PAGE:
Investment And Innovation In Isolation: How Investors Weathered This Year

Dr. Silvia Mah, partner at Ad Astra Ventures, helps women founders grow innovative startups tackling big ideas.

Just as entrepreneurs found new ways to pivot throughout 2020, investors faced new pressures while managing their portfolios and deciding the next best steps. An unpredictable economy required us to step up and fund innovation so we could move ahead into next year with new vaccines, the next generation of the digital workplace and the prominent social justice issues of our time.

As an angel investor and venture capitalist who helps female founders to build and scale their startups, I was particularly focused on the underrepresented voices in the startup world — especially diverse female founders — who don’t receive enough funding from traditional avenues. This year, partnerships and collaborations were a key component in increasing the intersectional funding of women and diverse founders, and they will lead to better progress in closing the gender and racial funding gap in 2021.

As we look ahead, it’s important to reflect on where we stand now and how we can solve our investment questions in this new environment. Here are the trends I saw this year:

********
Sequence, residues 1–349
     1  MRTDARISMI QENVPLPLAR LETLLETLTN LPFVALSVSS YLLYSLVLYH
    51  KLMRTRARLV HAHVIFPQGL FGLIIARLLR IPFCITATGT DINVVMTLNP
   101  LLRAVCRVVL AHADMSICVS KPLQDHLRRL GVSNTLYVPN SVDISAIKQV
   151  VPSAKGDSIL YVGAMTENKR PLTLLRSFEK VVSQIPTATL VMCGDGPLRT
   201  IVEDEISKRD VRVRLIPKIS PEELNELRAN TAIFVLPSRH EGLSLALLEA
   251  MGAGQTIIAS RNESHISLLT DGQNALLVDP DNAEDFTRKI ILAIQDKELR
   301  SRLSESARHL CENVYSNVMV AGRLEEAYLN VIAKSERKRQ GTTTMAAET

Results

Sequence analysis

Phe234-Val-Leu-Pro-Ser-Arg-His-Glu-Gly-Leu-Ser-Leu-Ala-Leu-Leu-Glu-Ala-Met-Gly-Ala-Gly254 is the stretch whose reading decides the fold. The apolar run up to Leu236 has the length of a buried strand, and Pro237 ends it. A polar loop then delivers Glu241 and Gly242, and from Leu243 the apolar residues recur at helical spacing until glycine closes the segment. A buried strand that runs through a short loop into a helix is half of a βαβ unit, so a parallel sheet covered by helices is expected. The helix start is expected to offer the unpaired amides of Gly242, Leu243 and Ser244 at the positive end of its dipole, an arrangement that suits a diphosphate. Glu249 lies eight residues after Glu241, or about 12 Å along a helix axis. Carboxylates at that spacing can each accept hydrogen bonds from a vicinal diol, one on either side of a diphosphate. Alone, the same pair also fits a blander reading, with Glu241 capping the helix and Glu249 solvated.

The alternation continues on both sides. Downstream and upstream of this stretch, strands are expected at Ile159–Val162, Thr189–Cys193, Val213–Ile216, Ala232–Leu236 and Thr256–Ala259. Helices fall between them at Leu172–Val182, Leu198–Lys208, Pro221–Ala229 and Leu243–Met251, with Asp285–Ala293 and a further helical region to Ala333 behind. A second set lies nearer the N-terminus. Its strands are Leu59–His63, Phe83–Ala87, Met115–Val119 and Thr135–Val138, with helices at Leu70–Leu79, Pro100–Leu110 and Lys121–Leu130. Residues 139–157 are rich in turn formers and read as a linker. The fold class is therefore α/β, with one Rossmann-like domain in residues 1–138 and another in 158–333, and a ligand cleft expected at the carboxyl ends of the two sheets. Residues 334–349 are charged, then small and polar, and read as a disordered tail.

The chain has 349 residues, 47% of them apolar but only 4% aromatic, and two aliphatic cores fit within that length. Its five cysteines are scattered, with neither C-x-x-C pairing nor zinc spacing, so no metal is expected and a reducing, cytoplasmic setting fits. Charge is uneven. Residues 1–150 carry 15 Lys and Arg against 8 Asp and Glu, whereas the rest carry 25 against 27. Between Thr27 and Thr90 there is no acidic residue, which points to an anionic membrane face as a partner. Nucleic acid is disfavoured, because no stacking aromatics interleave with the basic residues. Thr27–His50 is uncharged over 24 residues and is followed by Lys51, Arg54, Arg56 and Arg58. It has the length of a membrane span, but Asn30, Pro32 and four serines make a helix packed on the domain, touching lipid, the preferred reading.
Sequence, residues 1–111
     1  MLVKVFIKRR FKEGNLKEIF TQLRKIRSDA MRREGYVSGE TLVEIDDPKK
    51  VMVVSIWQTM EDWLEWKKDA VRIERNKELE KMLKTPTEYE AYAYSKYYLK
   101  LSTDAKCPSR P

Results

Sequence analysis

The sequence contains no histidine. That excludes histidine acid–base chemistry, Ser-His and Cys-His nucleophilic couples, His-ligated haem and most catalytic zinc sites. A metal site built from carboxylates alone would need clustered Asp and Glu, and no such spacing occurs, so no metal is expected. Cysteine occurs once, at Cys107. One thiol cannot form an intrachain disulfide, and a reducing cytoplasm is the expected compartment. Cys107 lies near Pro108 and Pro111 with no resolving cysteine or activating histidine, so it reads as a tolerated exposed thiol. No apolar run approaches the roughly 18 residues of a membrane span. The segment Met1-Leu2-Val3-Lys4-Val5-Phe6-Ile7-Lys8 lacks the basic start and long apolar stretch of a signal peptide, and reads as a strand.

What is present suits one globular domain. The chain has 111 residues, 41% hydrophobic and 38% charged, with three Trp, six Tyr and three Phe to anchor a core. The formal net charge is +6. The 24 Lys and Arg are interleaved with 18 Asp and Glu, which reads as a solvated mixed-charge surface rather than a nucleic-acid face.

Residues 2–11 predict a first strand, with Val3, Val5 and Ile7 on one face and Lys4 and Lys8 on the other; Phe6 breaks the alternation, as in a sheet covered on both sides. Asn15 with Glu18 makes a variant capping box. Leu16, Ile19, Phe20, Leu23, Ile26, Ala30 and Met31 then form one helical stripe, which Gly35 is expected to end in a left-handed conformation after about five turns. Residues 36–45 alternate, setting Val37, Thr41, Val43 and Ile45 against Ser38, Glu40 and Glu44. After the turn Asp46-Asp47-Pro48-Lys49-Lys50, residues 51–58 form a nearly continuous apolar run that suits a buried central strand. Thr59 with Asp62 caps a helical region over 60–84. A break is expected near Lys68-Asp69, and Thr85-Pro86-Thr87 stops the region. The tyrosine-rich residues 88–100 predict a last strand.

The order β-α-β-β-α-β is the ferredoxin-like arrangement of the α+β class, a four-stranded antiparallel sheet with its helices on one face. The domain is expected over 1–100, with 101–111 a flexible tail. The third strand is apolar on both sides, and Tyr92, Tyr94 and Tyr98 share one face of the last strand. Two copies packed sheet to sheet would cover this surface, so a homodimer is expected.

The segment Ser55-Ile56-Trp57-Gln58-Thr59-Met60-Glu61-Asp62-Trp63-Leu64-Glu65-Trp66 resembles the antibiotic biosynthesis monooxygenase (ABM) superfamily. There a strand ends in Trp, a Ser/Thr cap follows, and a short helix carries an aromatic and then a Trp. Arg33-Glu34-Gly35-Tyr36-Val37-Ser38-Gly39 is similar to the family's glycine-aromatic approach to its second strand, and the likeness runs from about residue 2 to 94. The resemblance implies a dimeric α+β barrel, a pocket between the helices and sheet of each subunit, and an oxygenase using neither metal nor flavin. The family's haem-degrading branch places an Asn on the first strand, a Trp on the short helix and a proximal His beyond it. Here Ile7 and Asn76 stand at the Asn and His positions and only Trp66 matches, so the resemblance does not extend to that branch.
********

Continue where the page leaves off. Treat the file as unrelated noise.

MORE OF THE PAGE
1. Investors doubled-down on their existing portfolio.

At the beginning of the pandemic, innovative investors became deeply involved with their founders and asked important questions around solutions to shore up losses, potential pivots for growth, and ideas for sustainability. I also saw many investors halt their plans to fund new projects, and instead, focus on their current portfolio. They saved higher percentages of their reserved investable capital than usual for follow-on rounds and reconfigured their typical thought processes and portfolio plans.


For instance, the Tech Coast Angels’ Angel Capital Entrepreneur Fund quickly created due diligence reports for increased investor participation. Then TCA San Diego created and implemented a five-point plan: continue investing activity, support portfolio companies, donate to vendors, advocate for the CARES Act nationally and spread a message of HOPE — Hold On, Pain Ends.

2. Investors focused on multiple ‘pandemics’ at once.